Your browser is not able to view Flash content. Since the resource listed below uses Flash, you will likely have a less than optimal experience if you choose to view that site on this computer or mobile device.
GradesK to 12
2 Favorites 0 Comments
Want a slicker way of finding Creative Commons pictures (pictures you are ALLOWED to use without copyright problems, simply by giving credit)? Compfight searches flickr pictures and...more
Want a slicker way of finding Creative Commons pictures (pictures you are ALLOWED to use without copyright problems, simply by giving credit)? Compfight searches flickr pictures and locates those that can be used in other activities and projects. Enter text or tags, and Compfight does the rest, providing thumbnail images for you to choose from. After you search, be sure you have checked the box in the LEFT sidebar of the search results, specifying that you want Creative Commons images, NOT commercial ones. Click to search again, if necessary. Choose from the results that appear below the dotted line. Those above the line are images you must pay for. Click on the image you like and double-check the license information under item 1 to be sure it is available for non-commercial use with attribution and can be used for "derivative works." Click the image itself to copy and paste its url for credits.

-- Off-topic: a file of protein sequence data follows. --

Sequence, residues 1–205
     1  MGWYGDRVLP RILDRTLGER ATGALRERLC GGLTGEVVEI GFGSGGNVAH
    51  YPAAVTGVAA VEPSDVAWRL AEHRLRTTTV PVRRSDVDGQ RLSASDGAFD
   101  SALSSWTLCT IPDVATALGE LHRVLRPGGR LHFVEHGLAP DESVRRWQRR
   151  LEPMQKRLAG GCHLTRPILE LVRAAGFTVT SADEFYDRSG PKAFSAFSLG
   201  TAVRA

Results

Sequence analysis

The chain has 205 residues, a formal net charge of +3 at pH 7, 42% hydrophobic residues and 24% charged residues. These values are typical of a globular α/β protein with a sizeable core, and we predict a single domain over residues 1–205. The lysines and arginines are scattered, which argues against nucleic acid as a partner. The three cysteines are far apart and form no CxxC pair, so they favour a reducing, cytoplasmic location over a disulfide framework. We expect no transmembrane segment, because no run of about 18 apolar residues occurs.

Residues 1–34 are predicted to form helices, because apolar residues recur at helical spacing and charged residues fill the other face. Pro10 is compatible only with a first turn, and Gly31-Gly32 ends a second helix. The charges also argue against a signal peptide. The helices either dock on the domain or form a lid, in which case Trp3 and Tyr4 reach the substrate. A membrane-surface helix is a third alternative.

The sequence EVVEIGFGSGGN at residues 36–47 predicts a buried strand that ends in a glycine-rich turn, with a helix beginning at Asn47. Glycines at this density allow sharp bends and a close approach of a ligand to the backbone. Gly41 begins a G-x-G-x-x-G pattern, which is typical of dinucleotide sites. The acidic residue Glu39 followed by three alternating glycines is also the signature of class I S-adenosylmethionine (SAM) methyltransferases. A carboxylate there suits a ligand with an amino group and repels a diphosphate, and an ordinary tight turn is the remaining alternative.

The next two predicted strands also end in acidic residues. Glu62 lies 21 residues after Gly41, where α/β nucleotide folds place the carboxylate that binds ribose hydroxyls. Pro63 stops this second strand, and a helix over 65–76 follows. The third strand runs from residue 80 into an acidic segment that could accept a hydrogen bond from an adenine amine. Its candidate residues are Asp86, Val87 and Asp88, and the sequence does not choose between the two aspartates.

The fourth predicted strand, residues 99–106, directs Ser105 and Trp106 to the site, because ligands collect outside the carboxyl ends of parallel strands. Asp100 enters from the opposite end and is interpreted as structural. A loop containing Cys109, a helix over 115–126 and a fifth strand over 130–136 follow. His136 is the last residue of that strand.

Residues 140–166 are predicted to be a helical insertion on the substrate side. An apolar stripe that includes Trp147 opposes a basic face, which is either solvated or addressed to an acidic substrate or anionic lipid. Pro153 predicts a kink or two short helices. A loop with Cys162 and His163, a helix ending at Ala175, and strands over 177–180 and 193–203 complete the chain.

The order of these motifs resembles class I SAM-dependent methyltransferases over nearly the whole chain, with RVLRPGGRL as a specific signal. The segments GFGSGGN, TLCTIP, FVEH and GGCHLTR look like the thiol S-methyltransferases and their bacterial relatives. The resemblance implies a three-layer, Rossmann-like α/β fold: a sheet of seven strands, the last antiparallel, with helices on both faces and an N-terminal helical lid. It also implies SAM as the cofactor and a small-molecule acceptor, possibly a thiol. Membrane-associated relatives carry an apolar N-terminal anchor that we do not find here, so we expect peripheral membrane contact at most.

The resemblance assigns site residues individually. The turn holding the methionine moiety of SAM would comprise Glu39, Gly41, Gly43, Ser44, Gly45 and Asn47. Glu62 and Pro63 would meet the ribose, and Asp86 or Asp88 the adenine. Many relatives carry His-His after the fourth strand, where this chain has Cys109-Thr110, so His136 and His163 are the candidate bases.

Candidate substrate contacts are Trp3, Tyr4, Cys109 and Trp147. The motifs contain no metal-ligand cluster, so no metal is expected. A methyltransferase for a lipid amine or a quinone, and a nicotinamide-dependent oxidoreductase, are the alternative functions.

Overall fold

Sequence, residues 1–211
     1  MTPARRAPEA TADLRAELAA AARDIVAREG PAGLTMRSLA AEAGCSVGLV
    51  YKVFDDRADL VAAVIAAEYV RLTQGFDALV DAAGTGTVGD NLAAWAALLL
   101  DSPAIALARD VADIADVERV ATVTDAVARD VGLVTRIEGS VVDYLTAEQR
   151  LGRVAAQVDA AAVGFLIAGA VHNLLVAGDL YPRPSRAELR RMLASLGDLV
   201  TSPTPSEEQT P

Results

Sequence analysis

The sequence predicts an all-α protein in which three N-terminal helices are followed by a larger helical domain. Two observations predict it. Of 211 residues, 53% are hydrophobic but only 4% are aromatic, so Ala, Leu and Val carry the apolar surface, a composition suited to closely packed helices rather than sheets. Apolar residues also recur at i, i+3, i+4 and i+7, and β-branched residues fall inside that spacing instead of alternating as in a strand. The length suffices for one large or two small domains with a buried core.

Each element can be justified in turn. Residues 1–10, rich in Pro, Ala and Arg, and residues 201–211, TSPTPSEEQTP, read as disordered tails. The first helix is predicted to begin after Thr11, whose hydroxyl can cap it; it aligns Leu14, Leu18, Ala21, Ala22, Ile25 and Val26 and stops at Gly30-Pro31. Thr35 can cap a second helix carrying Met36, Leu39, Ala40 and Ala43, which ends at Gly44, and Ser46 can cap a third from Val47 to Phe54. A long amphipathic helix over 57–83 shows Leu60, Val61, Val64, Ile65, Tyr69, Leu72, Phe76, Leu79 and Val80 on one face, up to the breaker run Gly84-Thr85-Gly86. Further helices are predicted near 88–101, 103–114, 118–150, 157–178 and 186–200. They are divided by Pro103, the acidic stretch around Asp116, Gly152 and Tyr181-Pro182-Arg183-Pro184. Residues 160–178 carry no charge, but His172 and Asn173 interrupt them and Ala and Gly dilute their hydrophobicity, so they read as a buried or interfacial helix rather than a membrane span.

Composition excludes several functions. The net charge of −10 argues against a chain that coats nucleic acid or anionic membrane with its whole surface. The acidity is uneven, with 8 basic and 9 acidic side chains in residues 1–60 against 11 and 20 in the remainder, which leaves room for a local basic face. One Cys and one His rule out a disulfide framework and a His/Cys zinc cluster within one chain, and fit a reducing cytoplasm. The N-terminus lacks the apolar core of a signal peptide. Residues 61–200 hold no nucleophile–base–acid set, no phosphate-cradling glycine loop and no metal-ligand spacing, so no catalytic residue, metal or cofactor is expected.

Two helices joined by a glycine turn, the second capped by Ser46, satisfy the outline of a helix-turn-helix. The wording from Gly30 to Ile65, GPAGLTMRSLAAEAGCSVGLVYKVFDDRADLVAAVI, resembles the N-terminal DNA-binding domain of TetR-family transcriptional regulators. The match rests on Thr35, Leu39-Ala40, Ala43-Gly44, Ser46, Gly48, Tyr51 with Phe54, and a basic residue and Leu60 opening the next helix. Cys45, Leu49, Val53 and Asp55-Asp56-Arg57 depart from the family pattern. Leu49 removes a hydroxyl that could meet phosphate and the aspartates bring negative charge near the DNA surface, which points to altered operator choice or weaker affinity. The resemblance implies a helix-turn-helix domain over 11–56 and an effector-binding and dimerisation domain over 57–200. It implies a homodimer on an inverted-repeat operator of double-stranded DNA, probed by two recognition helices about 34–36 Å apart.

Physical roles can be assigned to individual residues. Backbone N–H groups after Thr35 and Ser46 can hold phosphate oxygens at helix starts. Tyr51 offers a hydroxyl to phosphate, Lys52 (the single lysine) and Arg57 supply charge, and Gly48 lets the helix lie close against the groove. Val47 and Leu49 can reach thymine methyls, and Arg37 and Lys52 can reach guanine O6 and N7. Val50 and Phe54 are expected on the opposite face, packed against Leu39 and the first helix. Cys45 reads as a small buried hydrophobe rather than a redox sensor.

In the ClassroomUsers need to be able to use good search terms to find the best pictures possible as well as knowing how to save images on their computer. Use in the classroom any time that an image is needed for projects, even if it is not put on a website for others to see. Be sure students are aware that any time another person's image is used, they must give full credit for it, even if that owner cannot see it. Student groups can use Compfight to collectively find the best image to use for a project. Have students create a multimedia presentation using ThinkLink, reviewed here. For example, students studying renewable energy can use Compfight to find images of various renewable energy sources, then explain them on ThingLink. Teachers can collect Creative Commons images for use on their interactive whiteboard for sorting activities (monocots and dicots, producers and consumers, etc).